Are you frustrated with how exceptions and errors are reported in some Java applications? I know I am when I see some simple errors are wrapped and disguised multiple times. It seems as if Java exception has been used as a way to hide root causes from end users.
I've seen this in quite a few Java software, including some otherwise great ones. Take Glassfish (JavaEE SDK, Sun Java System Application Server 9.0) for example.
My JSP failed with the following exceptions when trying to open a connection on a DataSource:
javax.servlet.ServletException:If you also get this error, I suggest you check if Derby/JavaDB database is started or not. I know it must be a user error on my part, since it's a pretty simple JSP and worked before. The stacktrace here shows 3 layers of nested exceptions:
Error in allocating a connection.
Cause: Connection could not be allocated because:
Error opening socket to server localhost on port 1527 with message : null
But that's no problem, I said to myself. I sort of got used to it and usually go directly to the inner-most root cause. It would be
java.security.PrivilegedActionExceptionin this case. So I naturally thought I might have missed some socket-related security permission in my server.policy.
Wait, the SecurityManager is off by default, and my web app was running with no SecurityManager. How come I got this security exception? Well, the real reason was, I forgot to start Derby database. But this is not obvious anywhere in the output or server.log. I only see "
with message : null"where the root cause should've been shown.
Below are just a few thoughts I have after this mini-adventure:
- Connecting to database is executed inside a
doPriviledgedblock, even when SecurityManager is off. Maybe we can optimize it away?
PrivilegedActionException.getMessage()will almost always return a
PrivilegedActionExceptionis just a wrapper exception, and usually constructed with no message. So any method that receives an instance of
PrivilegedActionExceptionshould really peel if off to get the real cause, then either further throw out, or wrap up the real cause in another higher-level exception.
- The same error message (not the real cause) was logged 3 times in a row in server.log. When it's not clear which component is responsible for logging errors, all parties do it. IMO, these logging entries are mostly redundant at INFO level, as the error message is already part of the exception. Less is better.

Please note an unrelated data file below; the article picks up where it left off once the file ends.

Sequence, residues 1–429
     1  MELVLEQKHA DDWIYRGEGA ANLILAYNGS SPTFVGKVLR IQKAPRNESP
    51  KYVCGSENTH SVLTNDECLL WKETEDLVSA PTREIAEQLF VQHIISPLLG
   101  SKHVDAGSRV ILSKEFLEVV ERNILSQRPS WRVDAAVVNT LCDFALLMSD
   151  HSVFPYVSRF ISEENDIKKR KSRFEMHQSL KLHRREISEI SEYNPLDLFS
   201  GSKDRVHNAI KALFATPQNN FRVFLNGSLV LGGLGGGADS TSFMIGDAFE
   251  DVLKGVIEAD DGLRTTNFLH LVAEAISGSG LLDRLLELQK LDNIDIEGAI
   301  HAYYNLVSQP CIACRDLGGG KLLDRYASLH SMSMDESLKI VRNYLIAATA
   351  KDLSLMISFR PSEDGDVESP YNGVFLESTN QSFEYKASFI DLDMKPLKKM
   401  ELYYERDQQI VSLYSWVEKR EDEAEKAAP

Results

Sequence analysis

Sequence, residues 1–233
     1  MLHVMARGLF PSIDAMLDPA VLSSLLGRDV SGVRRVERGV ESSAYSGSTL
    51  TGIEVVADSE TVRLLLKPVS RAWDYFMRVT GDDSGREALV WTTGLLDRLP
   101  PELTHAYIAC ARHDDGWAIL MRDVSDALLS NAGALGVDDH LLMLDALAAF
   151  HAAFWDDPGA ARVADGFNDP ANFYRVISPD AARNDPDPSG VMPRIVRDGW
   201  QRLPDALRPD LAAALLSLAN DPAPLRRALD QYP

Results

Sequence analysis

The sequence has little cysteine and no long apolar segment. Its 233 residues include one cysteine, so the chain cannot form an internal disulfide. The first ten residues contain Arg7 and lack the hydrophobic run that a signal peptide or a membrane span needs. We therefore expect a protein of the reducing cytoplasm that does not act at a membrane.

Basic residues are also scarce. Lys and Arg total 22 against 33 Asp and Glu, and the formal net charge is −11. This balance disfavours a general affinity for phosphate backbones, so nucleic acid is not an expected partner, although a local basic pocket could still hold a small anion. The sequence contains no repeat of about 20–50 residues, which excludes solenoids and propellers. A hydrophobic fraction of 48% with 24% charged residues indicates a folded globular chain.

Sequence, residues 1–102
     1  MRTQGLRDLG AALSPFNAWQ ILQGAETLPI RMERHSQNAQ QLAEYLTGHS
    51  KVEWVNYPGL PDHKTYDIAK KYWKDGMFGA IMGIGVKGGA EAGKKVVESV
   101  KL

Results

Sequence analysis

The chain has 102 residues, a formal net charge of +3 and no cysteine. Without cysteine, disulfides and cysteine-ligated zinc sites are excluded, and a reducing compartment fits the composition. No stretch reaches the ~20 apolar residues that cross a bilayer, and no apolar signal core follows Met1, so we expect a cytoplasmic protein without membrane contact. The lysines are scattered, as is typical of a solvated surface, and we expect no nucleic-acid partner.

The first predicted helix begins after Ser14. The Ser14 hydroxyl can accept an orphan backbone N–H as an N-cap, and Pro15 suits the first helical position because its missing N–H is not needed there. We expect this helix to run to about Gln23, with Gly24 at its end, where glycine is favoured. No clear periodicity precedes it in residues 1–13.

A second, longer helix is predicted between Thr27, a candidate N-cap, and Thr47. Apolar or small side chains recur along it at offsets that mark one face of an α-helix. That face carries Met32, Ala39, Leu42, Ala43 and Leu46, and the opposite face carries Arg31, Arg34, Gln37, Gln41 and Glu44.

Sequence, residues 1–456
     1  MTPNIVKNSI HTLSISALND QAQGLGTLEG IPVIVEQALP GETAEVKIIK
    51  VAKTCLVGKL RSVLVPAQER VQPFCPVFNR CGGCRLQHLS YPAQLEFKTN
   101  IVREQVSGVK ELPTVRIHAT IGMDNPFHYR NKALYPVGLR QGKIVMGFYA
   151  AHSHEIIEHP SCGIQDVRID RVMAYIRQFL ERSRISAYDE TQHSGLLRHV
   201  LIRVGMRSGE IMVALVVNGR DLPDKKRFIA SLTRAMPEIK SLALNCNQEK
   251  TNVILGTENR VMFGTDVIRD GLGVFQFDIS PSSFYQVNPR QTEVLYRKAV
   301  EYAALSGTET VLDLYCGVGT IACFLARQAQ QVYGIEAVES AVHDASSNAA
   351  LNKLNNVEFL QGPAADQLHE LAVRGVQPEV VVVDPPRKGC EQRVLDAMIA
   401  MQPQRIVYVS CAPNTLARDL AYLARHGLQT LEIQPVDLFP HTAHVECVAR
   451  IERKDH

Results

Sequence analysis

PS: To start the Derby/JavaDB database server bundled in Glassfish/J2EESDK/SJSAS, just run this command:
To stop the database server, run this command:
glassfish-install-dir/bin/asadmin start-database [--dbhost 0.0.0.0] [--dbport 1527] [--dbhome
current_directory] [--echo=false] [--terse=false]
For more info, run the help command for the two sub-commands:
glassfish-install-dir/bin/asadmin stop-database [--dbhost 0.0.0.0] [--dbport 1527]
Alternatively, you can also directly run Derby/JavaDB's own start scripts in
./asadmin help start-database
./asadmin help stop-database
derby-or-JavaDB/frameworks/NetworkServer/bin, but you are more likely to get ksh script errors. I have two suggestions if you can't start derby/javaDB:
- Make sure you set environment variables JAVA_HOME and DERBY_INSTALL. For example,
- On Solaris or Linux, do not directly run
startNetworkServer.ksh, stopNetworkServer.ksh, or other ksh scripts. Instead, run
kshcommand with these scripts as parameter. For example,
Why? because ksh in your system may be in /usr/bin/ksh, or /bin/ksh, but Derby ksh scripts don't the usual first line like
#! /bin/ksh, or
#! /usr/bin/ksh. When derby has trouble finding the correct ksh, it reports some totally confusing error:
This is because Derby is using some ksh script (setNetworkClientCP.ksh) to set the environment variabel $CLASSPATH, and failed. So it complains
CLASSPATH: Undefined variable.
CLASSPATH: Undefined variable. Any way, the lesson is to always run derby/javadb ksh scripts with ksh command.